Bondi holds drug in­dus­try ac­count­able

Tampa Bay Times - - Opinion -

Florida At­tor­ney Gen­eral Pam Bondi’s law­suit against the na­tion’s largest drug mak­ers and dis­trib­u­tors marks a mo­ment of awak­en­ing in the state’s bat­tle to re­cover from the opioid cri­sis. In blunt, force­ful lan­guage, Bondi ac­cuses these com­pa­nies of spark­ing the deadly opioid epi­demic through sham mar­ket­ing that reaped the de­fen­dants “bil­lions of dol­lars” while caus­ing “im­mense harm to the state of Florida.” This is an im­por­tant step in hold­ing an in­dus­try ac­count­able for the in­cred­i­ble dam­age that has wracked com­mu­ni­ties and fam­i­lies.

Bondi un­veiled the l aw­suit at a news con­fer­ence this week where she was flanked by police, fire­fight­ers and fam­i­lies of opioid vic­tims, un­der­scor­ing her in­tent to put a hu­man face to a cri­sis that has killed some 10,000 Florid­i­ans at a pace of about 15 a day in 2016. The suit tar­gets some of the big­gest drug man­u­fac­tur­ers in the coun­try, in­clud­ing Pur­due Pharma, which makes the drugs OxyCon­tin and Di­lau­did, and Endo Phar­ma­ceu­ti­cals, which makes Per­co­cet and Opana. The de­fen­dants also in­clude the drug dis­trib­u­tors Amerisource-Ber­gen, Car­di­nal Health and McKes­son. Bondi said the state has suf­fered mas­sive losses in lives, health and pro­duc­tiv­ity, and the costs have been sig­nif­i­cant for law enforcement, first re­spon­ders and other por­tions of the so­cial safety net. “It’s time the de­fen­dants pay for the pain and the de­struc­tion that they have caused,” Bondi said.

The long-awaited law­suit, filed in Pasco County, ac­cuses the com­pa­nies of vi­o­lat­ing their duty to keep opi­oids from be­ing mis­used, al­leg­ing they en­gaged in de­cep­tive trade prac­tices and amounted to a pub­lic nui­sance. It ac­cuses drug man­u­fac­tur­ers of mis­rep­re­sent­ing the drugs to physi­cians and con­sumers to in­crease opioid pre­scrip­tions. Drug mak­ers used front groups that ap­peared to be neu­tral third-par­ties to pro­mote the use of opi­oids as safe. The suit also claims that drug mak­ers paid “key opin­ion lead­ers” with speak­ing fees, food and travel to lend an air of le­git­i­macy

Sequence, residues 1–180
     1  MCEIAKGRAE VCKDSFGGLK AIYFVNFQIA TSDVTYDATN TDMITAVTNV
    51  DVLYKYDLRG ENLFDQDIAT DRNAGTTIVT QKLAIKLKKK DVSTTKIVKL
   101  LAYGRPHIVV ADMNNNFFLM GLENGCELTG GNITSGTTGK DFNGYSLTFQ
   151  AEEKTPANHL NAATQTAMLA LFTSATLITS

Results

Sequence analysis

within their pro­fes­sion about the use of opi­oids for pain re­lief.

The dis­trib­u­tors, Bondi said, “un­con­scionably vi­o­lated” their duty to pre­vent opi­oids from be­ing di­verted to non-med­i­cal uses by “ship­ping hundreds of mil­lions of opi­oids into Florida with­out sound­ing the alarm or stop­ping the ship­ments.” These com­pa­nies knew their cus­tomers were or­der­ing an in­or­di­nately high num­ber of opi­oids, the suit states, but “re­fused to re­port the sus­pi­cious” ac­tiv­ity, turn­ing “a blind eye to this ac­tiv­ity in or­der to earn higher prof­its.”

A spokesman for Pur­due Pharma said they “vig­or­ously deny these al­le­ga­tions and look for­ward to the op­por­tu­nity to present our de­fense.” In that spirit, both sides should com­mit to trans­parency as the dis­cov­ery process pro­ceeds so the pub­lic has the fullest pic­ture pos­si­ble of how this cri­sis evolved. Bondi’s of­fice has an obli­ga­tion to keep the record open and accessible just as the de­fen­dants have an in­ter­est in an­swer­ing the charges pub­licly.

Bondi has been crit­i­cized for tak­ing so long to file the case. But the law­suit adds to the court cases against the drug in­dus­try across the coun­try, a crit­i­cal mass that is more rel­e­vant to the is­sue than the tim­ing of le­gal ac­tion by any in­di­vid­ual state. The at­tor­ney gen­eral de­serves credit for a ro­bust com­plaint that aptly cap­tures the hu­man costs of the opioid cri­sis. Now Florida needs to vig­or­ously pros­e­cute its position in court.

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